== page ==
Baroque chamber cantatas were designed for entertainment. Intended
for quite a small audience, generally performed in the home
of a patron, they were meant to show off the skills of the performers
whilst charming, titillating and entrancing the listeners. Thus
they provided glory for the performers and reflected glory for
the patron. As the ‘onlie begetter’ the patron would come in
for considerable kudos.
In the earlier parts of the 18th century, such cantatas
were often associated with the arcadian movement. Quite a few
of those by Handel were written for such an Arcadian Academy,
where the high-born members took the names of shepherds. Those
that were not written directly for such academies, often used
the arcadian genre in their poetry. It was conventional for
the poetry of a chamber cantata to express itself in pastoral
terms. As such, the music could be taxing, displaying the singer’s
fine points such as a capability with divisions or a fine messa
di voce. Virtuoso display was not necessarily of prime importance.
Patrons regarded themselves as connoisseurs and, as such, it
flattered them if you wrote piece which implied that they had
a fine sophisticated taste.
On this disc we have five of a set of twelve cantatas written
by Nicola Porpora and dedicated to His Royal Highness Frederick
Prince of Wales in 1735. Frederick was George III’s father and
known for his musical talent. The famous Mercier painting depicts
him playing the cello in consort with his sisters.
Frederick, who was in constant opposition to his father, supported
the Opera of The Nobility which was set up as a rival to Handel’s
Royal Academy - which was supported by the King. Nicola Porpora
was one of the composers brought over to provide operas for
the new company and the famous castrato Farinelli (one of Porpora’s
pupils) came to London to sing. Frederick, a keen amateur cellist,
ended up making music with Farinelli with the singer accompanying
himself on the harpsichord.
These cantatas appeared in print in 1735, around the time that
Farinelli and Prince Frederick were making music together. Given
their florid dedication to the Prince they may well have featured
in these sessions.
When these pieces first appeared in print there was no mention
of the author of the texts. This is rather strange as they were
written by Metastasio, the leading operatic poet of the age.
The texts seem to have been written early in his career but
quite when Porpora got hold of them and set them is unclear.
We know from one of Metastasio’s correspondents that Porpora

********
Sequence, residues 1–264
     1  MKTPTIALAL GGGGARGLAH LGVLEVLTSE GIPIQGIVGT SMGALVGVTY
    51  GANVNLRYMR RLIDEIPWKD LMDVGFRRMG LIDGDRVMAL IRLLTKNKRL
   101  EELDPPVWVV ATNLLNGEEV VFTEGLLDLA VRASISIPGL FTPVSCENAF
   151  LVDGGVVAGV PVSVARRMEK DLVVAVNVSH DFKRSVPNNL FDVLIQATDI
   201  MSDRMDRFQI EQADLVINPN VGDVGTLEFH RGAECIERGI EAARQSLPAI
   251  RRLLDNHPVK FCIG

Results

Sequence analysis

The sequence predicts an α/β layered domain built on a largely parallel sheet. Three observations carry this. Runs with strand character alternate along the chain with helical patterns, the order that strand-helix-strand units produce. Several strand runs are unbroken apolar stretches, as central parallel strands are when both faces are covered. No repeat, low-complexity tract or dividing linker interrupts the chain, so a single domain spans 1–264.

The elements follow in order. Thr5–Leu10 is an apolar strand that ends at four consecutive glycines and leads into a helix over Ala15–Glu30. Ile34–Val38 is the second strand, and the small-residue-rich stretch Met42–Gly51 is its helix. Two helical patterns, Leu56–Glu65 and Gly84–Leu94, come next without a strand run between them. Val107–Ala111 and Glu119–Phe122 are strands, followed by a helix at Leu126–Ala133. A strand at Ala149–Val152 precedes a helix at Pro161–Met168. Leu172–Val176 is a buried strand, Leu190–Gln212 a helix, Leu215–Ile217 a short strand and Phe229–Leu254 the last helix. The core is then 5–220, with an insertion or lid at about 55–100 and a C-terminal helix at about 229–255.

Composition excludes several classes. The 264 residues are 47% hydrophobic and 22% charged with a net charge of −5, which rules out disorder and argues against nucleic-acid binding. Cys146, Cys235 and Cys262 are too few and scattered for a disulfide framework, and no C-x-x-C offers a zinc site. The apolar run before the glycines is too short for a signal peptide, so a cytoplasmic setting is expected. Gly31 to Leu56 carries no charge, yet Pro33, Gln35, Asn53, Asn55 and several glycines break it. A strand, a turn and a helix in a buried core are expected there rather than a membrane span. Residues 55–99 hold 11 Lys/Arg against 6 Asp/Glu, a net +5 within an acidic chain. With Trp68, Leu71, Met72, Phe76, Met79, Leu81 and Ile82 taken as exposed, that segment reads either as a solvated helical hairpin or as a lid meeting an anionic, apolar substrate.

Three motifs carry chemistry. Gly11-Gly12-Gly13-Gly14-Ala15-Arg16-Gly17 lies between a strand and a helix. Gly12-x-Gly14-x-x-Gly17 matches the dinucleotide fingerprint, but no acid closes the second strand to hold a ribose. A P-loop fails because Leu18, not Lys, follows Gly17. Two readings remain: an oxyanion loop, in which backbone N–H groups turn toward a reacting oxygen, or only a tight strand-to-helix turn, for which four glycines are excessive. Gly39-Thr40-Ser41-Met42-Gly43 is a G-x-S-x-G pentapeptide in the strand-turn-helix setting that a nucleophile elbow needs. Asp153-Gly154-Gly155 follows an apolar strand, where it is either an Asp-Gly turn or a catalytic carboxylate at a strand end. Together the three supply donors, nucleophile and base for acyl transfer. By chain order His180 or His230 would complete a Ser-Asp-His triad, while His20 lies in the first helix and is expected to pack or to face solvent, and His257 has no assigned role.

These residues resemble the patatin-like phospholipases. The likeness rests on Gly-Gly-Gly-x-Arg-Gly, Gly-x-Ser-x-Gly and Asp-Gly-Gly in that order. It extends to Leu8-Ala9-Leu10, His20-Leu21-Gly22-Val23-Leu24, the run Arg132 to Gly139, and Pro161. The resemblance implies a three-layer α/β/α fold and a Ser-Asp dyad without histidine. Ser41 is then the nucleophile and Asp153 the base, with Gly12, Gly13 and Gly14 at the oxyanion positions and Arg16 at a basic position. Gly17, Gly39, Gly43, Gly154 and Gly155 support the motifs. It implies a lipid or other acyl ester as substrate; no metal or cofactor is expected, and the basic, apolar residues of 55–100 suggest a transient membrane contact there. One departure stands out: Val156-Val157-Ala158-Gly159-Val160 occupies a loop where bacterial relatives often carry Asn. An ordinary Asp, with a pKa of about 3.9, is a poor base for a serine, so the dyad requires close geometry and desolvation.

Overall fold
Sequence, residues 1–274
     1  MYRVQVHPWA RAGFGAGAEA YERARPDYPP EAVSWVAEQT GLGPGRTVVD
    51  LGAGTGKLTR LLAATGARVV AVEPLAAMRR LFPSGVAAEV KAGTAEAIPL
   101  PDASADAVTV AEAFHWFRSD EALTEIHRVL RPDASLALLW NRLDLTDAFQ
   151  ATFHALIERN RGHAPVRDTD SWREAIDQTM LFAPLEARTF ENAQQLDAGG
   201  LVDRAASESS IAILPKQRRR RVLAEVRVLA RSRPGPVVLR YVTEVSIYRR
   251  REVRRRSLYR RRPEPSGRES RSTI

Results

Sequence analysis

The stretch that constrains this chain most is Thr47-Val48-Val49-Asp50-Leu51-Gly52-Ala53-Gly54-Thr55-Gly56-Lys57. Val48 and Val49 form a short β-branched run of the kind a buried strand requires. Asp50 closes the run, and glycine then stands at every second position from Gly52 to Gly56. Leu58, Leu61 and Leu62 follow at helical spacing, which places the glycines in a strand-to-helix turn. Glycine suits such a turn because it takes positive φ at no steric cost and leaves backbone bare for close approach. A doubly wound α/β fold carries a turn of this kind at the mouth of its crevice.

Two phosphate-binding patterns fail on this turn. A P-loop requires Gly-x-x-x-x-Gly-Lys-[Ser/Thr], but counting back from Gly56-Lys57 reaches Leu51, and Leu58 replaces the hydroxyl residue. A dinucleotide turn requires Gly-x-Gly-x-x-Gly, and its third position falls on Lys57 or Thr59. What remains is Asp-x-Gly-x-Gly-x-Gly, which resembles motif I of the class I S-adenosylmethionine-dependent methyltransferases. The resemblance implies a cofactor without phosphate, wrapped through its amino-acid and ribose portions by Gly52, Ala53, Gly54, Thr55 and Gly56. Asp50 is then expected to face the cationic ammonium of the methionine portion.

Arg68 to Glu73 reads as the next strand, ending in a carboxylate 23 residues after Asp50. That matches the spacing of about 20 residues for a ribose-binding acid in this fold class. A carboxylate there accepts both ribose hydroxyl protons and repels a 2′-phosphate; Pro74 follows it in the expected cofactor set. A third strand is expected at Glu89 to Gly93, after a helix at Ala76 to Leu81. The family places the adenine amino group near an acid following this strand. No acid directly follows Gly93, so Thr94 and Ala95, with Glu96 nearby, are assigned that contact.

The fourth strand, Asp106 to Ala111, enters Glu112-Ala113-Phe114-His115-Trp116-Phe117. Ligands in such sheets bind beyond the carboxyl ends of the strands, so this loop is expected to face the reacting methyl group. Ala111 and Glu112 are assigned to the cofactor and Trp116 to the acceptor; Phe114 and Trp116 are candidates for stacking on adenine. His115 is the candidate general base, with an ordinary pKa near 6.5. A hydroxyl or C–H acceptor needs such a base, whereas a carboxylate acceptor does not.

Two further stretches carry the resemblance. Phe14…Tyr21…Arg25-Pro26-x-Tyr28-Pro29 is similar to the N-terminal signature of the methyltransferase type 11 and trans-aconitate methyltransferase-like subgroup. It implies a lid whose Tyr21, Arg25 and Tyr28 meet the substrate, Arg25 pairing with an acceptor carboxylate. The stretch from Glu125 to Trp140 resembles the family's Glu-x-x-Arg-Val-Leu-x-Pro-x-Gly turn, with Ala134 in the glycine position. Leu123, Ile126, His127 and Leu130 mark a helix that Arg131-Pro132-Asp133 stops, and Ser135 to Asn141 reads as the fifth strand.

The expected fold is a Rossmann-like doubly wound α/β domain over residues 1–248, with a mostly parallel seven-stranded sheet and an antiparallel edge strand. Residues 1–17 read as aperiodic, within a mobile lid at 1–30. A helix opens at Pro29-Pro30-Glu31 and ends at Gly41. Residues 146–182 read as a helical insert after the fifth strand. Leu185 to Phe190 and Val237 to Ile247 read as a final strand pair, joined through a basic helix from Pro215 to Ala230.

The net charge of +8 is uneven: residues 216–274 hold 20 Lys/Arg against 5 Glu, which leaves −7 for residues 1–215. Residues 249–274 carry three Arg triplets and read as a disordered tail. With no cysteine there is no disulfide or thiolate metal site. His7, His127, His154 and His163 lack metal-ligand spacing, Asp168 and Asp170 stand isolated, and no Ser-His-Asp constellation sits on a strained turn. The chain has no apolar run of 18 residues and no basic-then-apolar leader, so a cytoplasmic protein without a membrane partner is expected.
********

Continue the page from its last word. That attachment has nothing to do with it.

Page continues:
wrote the cantatas whilst Metastasio was writing the texts,
so it seems highly unlikely that Porpora wrote them in London;
instead they seem to have been something he had in his luggage.
In style the cantatas generally adhere to the requirements of
the chamber cantata, providing the singer with many occasions
for subtle display of technique. But as an operatic composer
Porpora was known for the virtuoso display of the Neapolitan
style of opera which he brought to London. The arias in the
cantatas do not reach the level of virtuoso acrobatic display
that Porpora uses in his operas, but there are moments when
it is clear that he is definitely showing off, moving the chamber
cantata closer to the operatic scena; something that Handel
himself did as well.
So, though the first cantata on the disc, Or che una nube
ingrata allows the singer to display melodic
gifts and great lyric beauty, later cantatas include some display
elements. There are no alarming intervallic leaps, but fine
displays of breath control. The first aria of the cantata Veggo
la selva e il monte is simply lovely, but it
does require the singer to produce long trills. The same cantata
finishes with a lively conclusion where the singer gets to display
facility with divisions. In this aria and in a few others on
the disc Porpora includes a delightfully lively bass line which
contrasts nicely with the vocal line.
Here the cantatas are sung by counter-tenor Iestyn Davies, displaying
all the control and musicality required of his great predecessor
Farinelli. Davies is simply a delight to listen to. There is
scarcely a moment when technical limitations intrude and everything
is sung with his familiar musicality. We really feel transported
to the chamber of a great prince, privileged to overhear the
singer entertaining his patron. If the performances sometimes
feel a little cool, then this is hardly Davies’ fault; he is
working with material which itself is slightly cool. Porpora
does not imbue his cantatas with the sort of imperative vivid
drama that Handel does; we have to be content with civilised
Davies is accompanied by the group Arcangelo, directed from
the cello by Jonathan Cohen. The other performers are Kristian
Bezuidenhout (organ and harpsichord), Stephanie-Marie Degano
(violin), Judith Evans (double bass), Monica Pusilnik (guitar
and lute), Siobhan Armstrong (harp), Rebecca Miles (recorder)
and Peter Whelan (bassoon). The accompaniments partake of the
same civilised musicality as the vocal one. The results feel
like real chamber music - a group of colleagues collaborating
- rather than musicians simply accompanying a singer.
The CD booklet includes an article on Porpora and the cantatas,
plus texts in Italian and English.
An attractive disc of civilised entertainment which wears its
learning and musicality lightly; lovers of fine singing should
not hesitate. It is a must for anyone interested in widening
their experience of baroque music.